She had never answered this letter; she reproached herself for not having done so. Mavis sat down to write a few words, which would reach Windebank by the first post in the morning, when she found that the ink had dried in the pot. She rang the bell. While waiting, a vision of the piteous look on Harold’s face when he had told her of his love came into her mind. Accompanying this was the recollection of the cause of which her friendship with Harold was an effect. Hatred of the Devitts possessed her. She remembered, and rejoiced, that it was now in her power to be revenged for all she believed she had suffered at their hands. So black was the quality of this hate that she wondered why she had delayed so long. When the ink was brought, it was to Harold that she was about to write; Windebank was forgotten.
As Mavis wrote the day of the month at the head of the page, she seemed to hear echoes of Harold’s resonant voice vibrating with love for her. She sighed and put down her pen. If only she were less infirm of purpose. Her hesitations were interrupted by Mrs Budd bringing in a letter for Mavis that the postman had just left. It was from Mrs Trivett. It described with a wealth of detail a visit that the writer had paid to Pennington Churchyard, where she had taken flowers to lay on the little grave. Certain nerves in the bereaved mother’s face quivered as she read. Memories of the long-drawn agony which had followed upon her boy’s death crowded into her mind. Mavis hardened her heart.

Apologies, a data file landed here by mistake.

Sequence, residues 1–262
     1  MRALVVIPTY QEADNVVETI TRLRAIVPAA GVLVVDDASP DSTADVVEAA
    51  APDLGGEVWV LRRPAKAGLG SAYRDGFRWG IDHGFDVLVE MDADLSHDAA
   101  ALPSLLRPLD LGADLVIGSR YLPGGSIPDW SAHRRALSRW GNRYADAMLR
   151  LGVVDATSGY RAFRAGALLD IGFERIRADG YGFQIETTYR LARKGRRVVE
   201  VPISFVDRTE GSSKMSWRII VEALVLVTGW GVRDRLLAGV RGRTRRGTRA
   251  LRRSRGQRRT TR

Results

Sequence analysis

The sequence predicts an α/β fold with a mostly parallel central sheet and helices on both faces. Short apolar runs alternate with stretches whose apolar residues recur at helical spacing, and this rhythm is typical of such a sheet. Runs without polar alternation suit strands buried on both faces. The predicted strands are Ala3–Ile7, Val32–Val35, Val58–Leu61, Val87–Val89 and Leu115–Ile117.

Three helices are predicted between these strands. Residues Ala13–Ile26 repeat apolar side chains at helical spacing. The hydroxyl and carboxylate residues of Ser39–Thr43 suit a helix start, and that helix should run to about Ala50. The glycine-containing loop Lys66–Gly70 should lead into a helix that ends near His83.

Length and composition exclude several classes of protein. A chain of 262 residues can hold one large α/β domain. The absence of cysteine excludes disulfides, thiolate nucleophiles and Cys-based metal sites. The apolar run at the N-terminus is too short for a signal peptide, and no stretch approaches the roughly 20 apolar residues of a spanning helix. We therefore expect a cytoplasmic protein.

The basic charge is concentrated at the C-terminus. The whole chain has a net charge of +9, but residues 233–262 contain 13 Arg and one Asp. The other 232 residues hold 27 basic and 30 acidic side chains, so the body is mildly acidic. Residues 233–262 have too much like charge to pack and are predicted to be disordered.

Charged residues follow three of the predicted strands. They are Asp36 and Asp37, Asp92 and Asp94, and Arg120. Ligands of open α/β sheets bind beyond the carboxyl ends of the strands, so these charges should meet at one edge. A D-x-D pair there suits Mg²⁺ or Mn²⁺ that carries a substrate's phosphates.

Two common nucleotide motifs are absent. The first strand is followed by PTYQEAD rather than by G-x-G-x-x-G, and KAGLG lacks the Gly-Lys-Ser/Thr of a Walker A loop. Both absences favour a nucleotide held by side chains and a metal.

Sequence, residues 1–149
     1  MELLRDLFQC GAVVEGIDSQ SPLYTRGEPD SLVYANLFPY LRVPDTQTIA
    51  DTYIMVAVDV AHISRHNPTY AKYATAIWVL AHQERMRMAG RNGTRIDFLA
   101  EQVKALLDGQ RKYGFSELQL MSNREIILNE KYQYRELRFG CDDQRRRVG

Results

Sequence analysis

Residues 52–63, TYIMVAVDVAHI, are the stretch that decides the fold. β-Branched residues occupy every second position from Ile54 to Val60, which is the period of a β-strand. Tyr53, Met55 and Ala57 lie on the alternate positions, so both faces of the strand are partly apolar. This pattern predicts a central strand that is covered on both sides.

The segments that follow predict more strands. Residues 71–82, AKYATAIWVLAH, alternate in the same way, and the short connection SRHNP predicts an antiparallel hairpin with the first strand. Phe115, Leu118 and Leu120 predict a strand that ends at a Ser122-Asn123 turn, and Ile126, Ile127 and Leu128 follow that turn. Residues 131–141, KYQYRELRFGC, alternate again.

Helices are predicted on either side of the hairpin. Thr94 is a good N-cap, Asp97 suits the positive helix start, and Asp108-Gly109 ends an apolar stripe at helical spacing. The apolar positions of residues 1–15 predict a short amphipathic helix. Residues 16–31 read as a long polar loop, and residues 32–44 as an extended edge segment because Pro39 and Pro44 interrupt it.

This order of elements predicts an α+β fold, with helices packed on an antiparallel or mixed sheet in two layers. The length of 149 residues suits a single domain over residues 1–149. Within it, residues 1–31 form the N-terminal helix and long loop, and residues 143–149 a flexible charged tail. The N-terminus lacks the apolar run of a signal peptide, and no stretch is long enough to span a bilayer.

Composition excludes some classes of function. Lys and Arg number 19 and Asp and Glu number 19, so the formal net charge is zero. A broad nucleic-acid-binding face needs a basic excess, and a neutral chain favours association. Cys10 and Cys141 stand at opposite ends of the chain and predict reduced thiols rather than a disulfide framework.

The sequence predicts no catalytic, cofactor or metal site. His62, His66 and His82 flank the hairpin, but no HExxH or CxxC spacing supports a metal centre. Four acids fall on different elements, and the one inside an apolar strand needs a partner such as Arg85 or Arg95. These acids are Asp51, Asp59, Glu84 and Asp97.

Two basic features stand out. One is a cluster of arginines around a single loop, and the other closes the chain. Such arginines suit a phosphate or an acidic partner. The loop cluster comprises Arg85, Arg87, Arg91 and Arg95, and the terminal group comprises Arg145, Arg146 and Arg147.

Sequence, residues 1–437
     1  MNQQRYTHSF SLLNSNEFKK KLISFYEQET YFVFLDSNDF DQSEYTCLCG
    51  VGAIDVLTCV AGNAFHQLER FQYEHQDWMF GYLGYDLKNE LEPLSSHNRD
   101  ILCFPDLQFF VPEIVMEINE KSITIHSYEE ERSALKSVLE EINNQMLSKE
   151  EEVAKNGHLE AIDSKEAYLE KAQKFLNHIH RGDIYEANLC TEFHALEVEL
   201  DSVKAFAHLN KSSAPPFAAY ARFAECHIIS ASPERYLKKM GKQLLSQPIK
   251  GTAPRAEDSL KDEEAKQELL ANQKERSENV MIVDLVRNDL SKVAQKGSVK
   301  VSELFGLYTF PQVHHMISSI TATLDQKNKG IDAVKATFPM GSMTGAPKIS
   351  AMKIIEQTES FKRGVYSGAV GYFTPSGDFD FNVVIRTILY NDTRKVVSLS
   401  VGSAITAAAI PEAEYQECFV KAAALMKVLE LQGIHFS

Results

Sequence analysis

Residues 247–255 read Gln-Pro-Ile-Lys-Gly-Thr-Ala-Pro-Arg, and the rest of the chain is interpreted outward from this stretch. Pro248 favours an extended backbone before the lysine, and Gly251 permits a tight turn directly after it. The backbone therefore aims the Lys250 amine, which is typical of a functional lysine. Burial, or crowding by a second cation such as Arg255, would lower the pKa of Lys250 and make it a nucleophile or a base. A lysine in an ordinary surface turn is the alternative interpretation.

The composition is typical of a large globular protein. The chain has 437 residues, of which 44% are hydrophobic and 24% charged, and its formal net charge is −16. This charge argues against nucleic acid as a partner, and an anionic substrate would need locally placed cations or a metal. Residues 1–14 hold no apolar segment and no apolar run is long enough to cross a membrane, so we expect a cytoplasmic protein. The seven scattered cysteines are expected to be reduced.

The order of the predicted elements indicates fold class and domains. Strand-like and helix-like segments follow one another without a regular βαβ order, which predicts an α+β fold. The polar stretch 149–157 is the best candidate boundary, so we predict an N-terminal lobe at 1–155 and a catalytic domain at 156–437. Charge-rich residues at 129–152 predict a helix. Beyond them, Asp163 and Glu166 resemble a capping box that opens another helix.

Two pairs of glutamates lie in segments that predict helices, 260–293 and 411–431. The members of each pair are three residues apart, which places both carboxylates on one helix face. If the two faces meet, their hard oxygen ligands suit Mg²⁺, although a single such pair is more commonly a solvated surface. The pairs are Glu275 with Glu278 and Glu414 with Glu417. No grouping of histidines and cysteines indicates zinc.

Upon a day on which the trees and hedges were again frocked in spring finery in honour of approaching summer, Mrs Devitt was sitting with her sister in the drawing-room of Melkbridge House. Mrs Devitt was trying to fix her mind on an article in one of the monthly reviews dealing with the voluntary limitation of families on the part of married folk. Mrs Devitt could not give her usual stolid attention to her reading, because, now and again, her thoughts wandered to an interview between her husband and Lowther which was taking place in the library downstairs. This private talk between father and son was on the subject of certain snares which beset the feet of moneyed youth when in London, and in which the unhappy Lowther had been caught. Mrs Devitt was sufficiently vexed at the prospect of her husband having to fork out some hundreds of pounds, without the further promise of revelations in which light-hearted, lighter living young women were concerned. Debts were forgivable, perhaps excusable, in a young gentleman of Lowther’s standing, but immorality, in Mrs Devitt’s eyes, was a horse of quite another colour; anything of this nature acted upon Mrs Devitt’s susceptibilities much in the same way as seeing red afreets an angry bull.
Miss Spraggs, whom the last eighteen months had aged in appearance, looked up from the rough draft of a letter she was composing.